It is a tuned band-pass filter with its peak moving from 240 Hz to 1.28 kHz, increasing the gain from 12.5 to 23.5 dB.
And this is the frequency response of the gyrator circuit when varying the potentiometer:
Again it is a tuned band-pass filter with its peak moving from 260Hz to 1.28 kHz, slightly increasing the gain from 16.5 dB to 19.2dB.
So we obtain a quite similar result with even a more stable gain peak.

PCB Layout

(Update 23/08/2015: Source files on Github)
The PCB was made on two layers with dimensions of 80 mm x 50 mm:

Schematics and PCB layout was designed using Eagle CAD. The PCB layout can be uploaded into Eurocircuits website, and a quote can be obtained immediately, I paid 70 € for 2 boards prototypes in a 7 day turnaround, the quality is really good.
I purchased the components at Mouser website. You can find here the BoM, total cost of components for one prototype was 26 €.
To solder the components I used a low temperature (138°C ) CR11 solder paste Sn42Bi58 and a hot air soldering station, the results are very professional and clean. This is the finished PCB with all components (except external switches, jacks and potentiometers) mounted.
All the cables, jacks, connectors, switches and potentiometers soldered and ready for debug and verification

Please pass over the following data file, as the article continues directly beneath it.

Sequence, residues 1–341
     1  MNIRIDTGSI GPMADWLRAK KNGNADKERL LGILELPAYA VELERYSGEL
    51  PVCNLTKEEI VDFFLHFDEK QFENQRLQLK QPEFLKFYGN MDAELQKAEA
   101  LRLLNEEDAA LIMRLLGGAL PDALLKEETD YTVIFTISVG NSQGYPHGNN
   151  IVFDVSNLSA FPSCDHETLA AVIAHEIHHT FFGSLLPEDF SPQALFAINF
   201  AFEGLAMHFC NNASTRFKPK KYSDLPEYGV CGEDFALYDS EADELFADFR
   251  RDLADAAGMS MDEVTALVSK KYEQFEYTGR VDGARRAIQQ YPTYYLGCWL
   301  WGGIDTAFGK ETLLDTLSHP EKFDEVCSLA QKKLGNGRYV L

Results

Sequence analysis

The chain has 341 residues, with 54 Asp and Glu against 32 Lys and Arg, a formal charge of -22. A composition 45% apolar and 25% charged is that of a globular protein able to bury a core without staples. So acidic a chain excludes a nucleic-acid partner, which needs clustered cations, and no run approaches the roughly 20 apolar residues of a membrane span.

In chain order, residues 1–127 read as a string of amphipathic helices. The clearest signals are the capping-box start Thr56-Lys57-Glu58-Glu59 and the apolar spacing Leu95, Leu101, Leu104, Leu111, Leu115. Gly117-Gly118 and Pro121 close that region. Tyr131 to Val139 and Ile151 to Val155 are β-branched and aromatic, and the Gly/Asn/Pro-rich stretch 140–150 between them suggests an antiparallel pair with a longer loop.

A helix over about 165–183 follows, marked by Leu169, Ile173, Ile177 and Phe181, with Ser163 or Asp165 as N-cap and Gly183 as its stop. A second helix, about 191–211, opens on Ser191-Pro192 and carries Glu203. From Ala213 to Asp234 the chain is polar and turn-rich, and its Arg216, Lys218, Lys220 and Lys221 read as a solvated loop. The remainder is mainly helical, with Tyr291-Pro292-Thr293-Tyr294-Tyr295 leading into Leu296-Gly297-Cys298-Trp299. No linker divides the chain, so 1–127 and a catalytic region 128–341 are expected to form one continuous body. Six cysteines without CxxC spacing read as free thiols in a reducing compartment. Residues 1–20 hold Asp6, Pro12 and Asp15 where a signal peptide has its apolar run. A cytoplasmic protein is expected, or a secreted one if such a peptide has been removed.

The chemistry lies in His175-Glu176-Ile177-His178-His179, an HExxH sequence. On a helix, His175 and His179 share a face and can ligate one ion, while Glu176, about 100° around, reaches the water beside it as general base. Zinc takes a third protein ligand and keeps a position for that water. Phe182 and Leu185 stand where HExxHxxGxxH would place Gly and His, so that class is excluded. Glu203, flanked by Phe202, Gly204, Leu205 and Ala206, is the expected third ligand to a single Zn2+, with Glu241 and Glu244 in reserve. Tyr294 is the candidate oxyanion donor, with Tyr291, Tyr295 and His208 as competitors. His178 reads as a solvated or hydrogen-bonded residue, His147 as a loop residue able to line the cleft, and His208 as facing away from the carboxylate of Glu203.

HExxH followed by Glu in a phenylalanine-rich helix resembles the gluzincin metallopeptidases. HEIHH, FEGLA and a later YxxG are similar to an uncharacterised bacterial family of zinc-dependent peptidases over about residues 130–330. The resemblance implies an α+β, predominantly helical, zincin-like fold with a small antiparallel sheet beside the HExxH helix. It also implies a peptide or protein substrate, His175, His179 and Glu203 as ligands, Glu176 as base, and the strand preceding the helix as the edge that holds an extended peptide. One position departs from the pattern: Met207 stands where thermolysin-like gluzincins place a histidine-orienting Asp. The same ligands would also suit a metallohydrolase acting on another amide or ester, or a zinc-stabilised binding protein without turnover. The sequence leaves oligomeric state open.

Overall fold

Sunday, 16 November 2014

Tube Simulator - Sound check and AC30 emulators comparative

I wanted to do a sound check of the TubeSim v1.0 VOX AC30 valve amplifier emulator and a comparative with other VOX AC30 amp emulators. This is it.

First I found on the web a sound file with a clean guitar riff: Then I fed this sound file from the computer Line output into the TubeSim Line input. The TubeSim 25W 8 Ω output was connected into the Rezzonics v12 DIY Cabinet speaker with a Celestion Vintage 30 12''. The output sound was recorded with Audacity in the computer using an AKG D40S dynamic condenser microphone (it's a vocal microphone but that's the best I could get for the sound check)

This is the TubeSim v1.0 guitar riff sound with gain at maximum, no bass, no treble, tone cut off:

I think the sound has a nice crispy distortion, with lots of mids and lots of sustain.

The best would have been to compare it with a real VOX AC30 valve amplifier, but unfortunately I don't own one.